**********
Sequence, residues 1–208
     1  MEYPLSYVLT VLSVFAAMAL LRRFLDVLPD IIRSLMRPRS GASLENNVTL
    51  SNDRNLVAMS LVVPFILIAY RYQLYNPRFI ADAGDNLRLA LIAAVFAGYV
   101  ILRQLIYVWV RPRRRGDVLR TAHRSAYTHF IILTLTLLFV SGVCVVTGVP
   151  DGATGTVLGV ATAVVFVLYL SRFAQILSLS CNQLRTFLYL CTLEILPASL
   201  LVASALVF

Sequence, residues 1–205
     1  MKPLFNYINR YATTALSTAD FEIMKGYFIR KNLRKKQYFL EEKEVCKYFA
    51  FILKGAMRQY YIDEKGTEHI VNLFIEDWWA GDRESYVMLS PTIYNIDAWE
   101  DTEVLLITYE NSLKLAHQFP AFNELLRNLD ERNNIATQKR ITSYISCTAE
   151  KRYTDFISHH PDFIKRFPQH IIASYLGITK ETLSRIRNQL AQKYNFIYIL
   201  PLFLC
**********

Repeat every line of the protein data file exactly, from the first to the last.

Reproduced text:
Sequence, residues 1–208
     1  MEYPLSYVLT VLSVFAAMAL LRRFLDVLPD IIRSLMRPRS GASLENNVTL
    51  SNDRNLVAMS LVVPFILIAY RYQLYNPRFI ADAGDNLRLA LIAAVFAGYV
   101  ILRQLIYVWV RPRRRGDVLR TAHRSAYTHF IILTLTLLFV SGVCVVTGVP
   151  DGATGTVLGV ATAVVFVLYL SRFAQILSLS CNQLRTFLYL CTLEILPASL
   201  LVASALVF

Sequence, residues 1–205
     1  MKPLFNYINR YATTALSTAD FEIMKGYFIR KNLRKKQYFL EEKEVCKYFA
    51  FILKGAMRQY YIDEKGTEHI VNLFIEDWWA GDRESYVMLS PTIYNIDAWE
   101  DTEVLLITYE NSLKLAHQFP AFNELLRNLD ERNNIATQKR ITSYISCTAE
   151  KRYTDFISHH PDFIKRFPQH IIASYLGITK ETLSRIRNQL AQKYNFIYIL
   201  PLFLC